What is life?

The definition or understanding of life is one norm that has got interesting variable answers in branches of chemistry, biology and genetics.It is living organisms that have life. The answer given by each of the different branches will greatly vary. Life is something that it complex and highly organized. Something that has life has the ability to take in energy from energy and transform its growth and production. Life is reproductive, that is, to multiply. Christopher Chyba in an article ‘Origins of Life and Evaluation of the Biosphere,’argues that trying to define life would be a mistake. He depicted that definitions are aimed to tell meaning of words and not the nature of the world. As such, defining life entails the nature and not the meaning.

Various theories exist that try to derive the origin of ‘life’ and what may be the real meaning of life. A good example is the Freeman Dyson’s double origin theory which states that an initial protein produced an RNA world as a by-product due to an increased sophisticated process of metabolism. The RNA started out as an obligatory parasite of the protein world and eventually produced the cooperative schema and hence resulted to the life that exist today.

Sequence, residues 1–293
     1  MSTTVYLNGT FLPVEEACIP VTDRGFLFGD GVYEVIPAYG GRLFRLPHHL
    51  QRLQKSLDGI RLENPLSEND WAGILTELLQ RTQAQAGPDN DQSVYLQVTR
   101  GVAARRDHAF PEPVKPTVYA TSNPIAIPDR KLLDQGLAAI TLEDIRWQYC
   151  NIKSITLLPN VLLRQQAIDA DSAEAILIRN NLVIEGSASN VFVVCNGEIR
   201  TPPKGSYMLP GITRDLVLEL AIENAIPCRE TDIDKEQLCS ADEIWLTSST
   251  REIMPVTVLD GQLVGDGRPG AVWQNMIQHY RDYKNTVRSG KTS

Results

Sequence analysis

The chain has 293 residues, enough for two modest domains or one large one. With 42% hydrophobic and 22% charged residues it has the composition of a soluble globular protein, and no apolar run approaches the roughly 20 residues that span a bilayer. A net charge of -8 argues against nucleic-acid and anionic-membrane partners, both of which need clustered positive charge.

Chemistry expertsprofound that life evolved from reactions that include hydrogen sulfide, hydrogen cyanide and ultraviolet light as the constituents of life. They refer to the meteorites as to have used ingredients whose reactions with nitrogen produced lots of hydrogen cyanide and the dissolving in water came into contact with hydrogen sulfide and exposure with sunlight.Other researchers laid out that a combination of sugars and amino acids are the building factors of the component life.

It has been noted that life arises severally from non-living materials and could occur elsewhere than in earth such as extraterrestrial life. Various remarkable biochemical and microbiological similarities revealed by life on earth hence a common origin despite all the varying morphological diversity.



Mader, S., and Michael W. (2016). Human Biology. New York, NY: McGraw-Hill Higher Education.